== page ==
After a week of very demanding finals and the need to shop and prepare for the impending holidays I felt as if I were on the brink of a nervous breakdown.   I was so thankful that the first semester was complete and was looking forward to packing Lucq and Chit into my VW bug and heading to my hometown.  As I hopped out of my car and skipped through my front door whistling “To Grandmother’s House We Go,” I saw a trail of vomit from the doorway to the cabinets of the kitchen where 3 dozen, that’s right a variety of 36 chocolate chip, sugar, and gingerbread cookies, used to be.  They had been packed and ready to be dispersed to friends and family, all GONE!!!!  I looked around the room, called out to Lucq, and as he came down the stairs he was wagging his butt (he has a stub for a tail) and smiling at me, indicating that he is indeed the culprit of this misdeed.

Once I had calmed down enough to think, I realize that he had probably vomited the majority of the cookies and was not in dire need of emergency medical attention, but being a good and studious veterinary student, I took his heart rate and assessed his hydration status.  After this assessment I determined that he was stable enough to make it home so my dad, a veterinarian, could examine him.  I then promptly started cleaning my carpet and the doorbell rang, it was the neighbors with a basket full of goodies.  As I open the door, Lucq barks scaring Chit who runs through my legs making a great escape into the street.  This is the incident which led to me being known as the crazy lady who ran through the neighborhood, looking under bushes and yelling profanities.  Yes, before you name your pets, first consider what this will sound like when you are yelling it out your front door.  Unfortunately I did not take this into consideration when naming Chit.

So as I was somberly making my way back to my house after 45 minutes of searching, I was thinking I would never see my cat again.  Then I see Chit lying on the mat of my front door.  Thrilled, I drop Lucq and ran to pick up Chit.  Once I get both of my heathen children back inside, I resume cleaning the carpets.  This lasted approximately 30 seconds before Lucq jumped onto the kitchen table to get into my lunch box and in the process knocked over a glass making a loud kaboom.  This sent Chit immediately into the Christmas tree which came tumbling down, leaving Chit with a very obvious lameness.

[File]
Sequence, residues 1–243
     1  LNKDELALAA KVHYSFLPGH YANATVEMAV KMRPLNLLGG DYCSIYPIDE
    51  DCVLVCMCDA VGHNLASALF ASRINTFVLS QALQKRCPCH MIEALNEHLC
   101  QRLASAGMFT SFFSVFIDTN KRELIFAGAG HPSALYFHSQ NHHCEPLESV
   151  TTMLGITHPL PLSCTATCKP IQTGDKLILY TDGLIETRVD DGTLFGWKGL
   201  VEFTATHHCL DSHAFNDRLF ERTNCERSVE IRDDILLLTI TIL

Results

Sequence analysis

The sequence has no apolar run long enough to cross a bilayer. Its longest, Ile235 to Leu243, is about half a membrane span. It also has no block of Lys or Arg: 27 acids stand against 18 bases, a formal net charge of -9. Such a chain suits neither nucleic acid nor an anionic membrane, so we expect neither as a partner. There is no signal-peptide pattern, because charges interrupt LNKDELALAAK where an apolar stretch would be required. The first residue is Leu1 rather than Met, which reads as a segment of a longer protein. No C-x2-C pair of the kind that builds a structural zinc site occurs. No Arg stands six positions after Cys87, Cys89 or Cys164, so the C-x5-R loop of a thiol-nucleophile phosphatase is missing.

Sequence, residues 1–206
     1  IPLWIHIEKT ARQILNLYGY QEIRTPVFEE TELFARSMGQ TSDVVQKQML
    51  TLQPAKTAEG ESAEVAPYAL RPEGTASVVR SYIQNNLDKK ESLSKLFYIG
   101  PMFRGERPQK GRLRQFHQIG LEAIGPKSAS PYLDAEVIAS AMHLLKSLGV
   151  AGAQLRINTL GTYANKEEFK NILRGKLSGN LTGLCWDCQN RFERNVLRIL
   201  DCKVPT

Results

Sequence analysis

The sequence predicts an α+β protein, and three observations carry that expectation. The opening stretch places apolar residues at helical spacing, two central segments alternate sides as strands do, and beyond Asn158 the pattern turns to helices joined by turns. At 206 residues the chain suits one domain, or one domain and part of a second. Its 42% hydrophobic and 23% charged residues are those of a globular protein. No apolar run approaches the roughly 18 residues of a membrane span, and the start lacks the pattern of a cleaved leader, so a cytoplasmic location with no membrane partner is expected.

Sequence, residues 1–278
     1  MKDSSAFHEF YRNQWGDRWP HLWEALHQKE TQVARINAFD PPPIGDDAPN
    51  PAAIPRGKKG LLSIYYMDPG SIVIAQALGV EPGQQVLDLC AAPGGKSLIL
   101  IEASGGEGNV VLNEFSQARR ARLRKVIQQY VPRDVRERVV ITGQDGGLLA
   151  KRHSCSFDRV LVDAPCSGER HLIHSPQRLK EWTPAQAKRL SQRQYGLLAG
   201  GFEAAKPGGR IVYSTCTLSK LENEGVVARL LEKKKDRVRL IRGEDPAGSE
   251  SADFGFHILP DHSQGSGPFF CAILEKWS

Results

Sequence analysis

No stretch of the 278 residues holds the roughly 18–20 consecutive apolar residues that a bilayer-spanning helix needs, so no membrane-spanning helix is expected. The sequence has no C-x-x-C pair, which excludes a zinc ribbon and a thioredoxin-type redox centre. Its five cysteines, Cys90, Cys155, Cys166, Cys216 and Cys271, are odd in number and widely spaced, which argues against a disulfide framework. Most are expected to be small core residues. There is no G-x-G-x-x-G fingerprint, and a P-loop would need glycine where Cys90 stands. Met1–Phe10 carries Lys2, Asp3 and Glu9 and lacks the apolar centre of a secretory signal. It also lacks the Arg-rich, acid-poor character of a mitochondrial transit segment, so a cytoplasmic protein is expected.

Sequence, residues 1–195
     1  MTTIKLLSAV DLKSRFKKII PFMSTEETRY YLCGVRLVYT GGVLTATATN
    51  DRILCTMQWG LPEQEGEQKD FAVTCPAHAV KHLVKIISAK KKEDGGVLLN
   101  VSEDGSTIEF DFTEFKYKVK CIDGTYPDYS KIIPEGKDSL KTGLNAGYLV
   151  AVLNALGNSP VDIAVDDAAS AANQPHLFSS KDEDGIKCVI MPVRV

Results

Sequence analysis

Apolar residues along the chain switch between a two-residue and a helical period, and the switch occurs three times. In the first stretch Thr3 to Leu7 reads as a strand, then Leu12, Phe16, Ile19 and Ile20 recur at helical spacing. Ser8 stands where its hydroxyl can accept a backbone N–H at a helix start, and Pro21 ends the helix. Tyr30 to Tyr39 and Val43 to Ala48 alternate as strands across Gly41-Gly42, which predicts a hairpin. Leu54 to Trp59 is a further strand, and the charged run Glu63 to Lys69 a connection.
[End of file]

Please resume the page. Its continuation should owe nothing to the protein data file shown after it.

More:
By this time I was sitting on the vomit covered floor in tears.  It took me another hour to clean up the house, pack my car, and head home.  Thankfully there were no more problems on the ride home but once we arrived at my dad’s veterinary clinic and x-rays were taken of Chit’s leg and Lucq’s abdomen, it quickly became obvious that both would need surgery!  Chit had a pin placed through a broken bone in his one and only back leg and Lucq had a small, stuffed Santa removed from his belly.  Yep, not only did he manage to eat 3 dozen cookies, but when he was finished stuffing those into his gullet, he thought to himself…”I am still awfully hungry, this small rotund man looks like he could do the job.”  Both recovered and are as feisty as ever.  Although the following Holiday seasons have not been quite as eventful, I can honestly tell you that I have had at least one mishap with my 4 legged children every year.   I hope you can benefit from my past experiences and horror to help prevent your own.  Below you will find a few websites that have helpful hints for preventing Holiday accidents.  We hope that you can avoid any tragedies of your own but if by chance one befalls you please know that we are here to help. Best wishes for a joyful holiday season from all of us at Pets and Vets As Partners!

Rhetta Mellencamp, DVM

Do I Really Need ALL These Vaccines?

With the recent media attention of diseases associated with the administration of vaccines, and the concern of over vaccination of children, the veterinary profession has seen a multitude of questions and concerns from pet caretakers.  This is not a new topic to the veterinary profession, in fact, it has been one of the most highly debated and researched topics in the field.  As a result, committees were assembled to make recommendations about vaccine protocols.

In the past, veterinarians would vaccinate every animal that came through their clinic doors for the same diseases on an annual basis.  This cookie cutter approach was adopted based on the vaccine manufacturers’ recommendations for ensuring the best immunity for pets.  Recently, there has been a push for research to prove that there is a reason EVERY animal needs to be vaccinated EVERY year for EVERY disease we vaccinate against.   The driving force by veterinary professionals for this research has not stemmed from whether or not vaccines are beneficial; we KNOW that vaccinations have saved an enormous number of lives.  Our main concern is that vaccinating our patients for the same diseases on an annual basis can lead to immune mediated diseases such as Lupus, anemia, bleeding disorders, and degenerative joint disease.   So, you can imagine how thrilled the veterinary community was when 3-year vaccines became available for our adult patients.  This was accompanied by well documented evidence that these vaccines provide equivalent protection to the annual vaccines over an extended duration.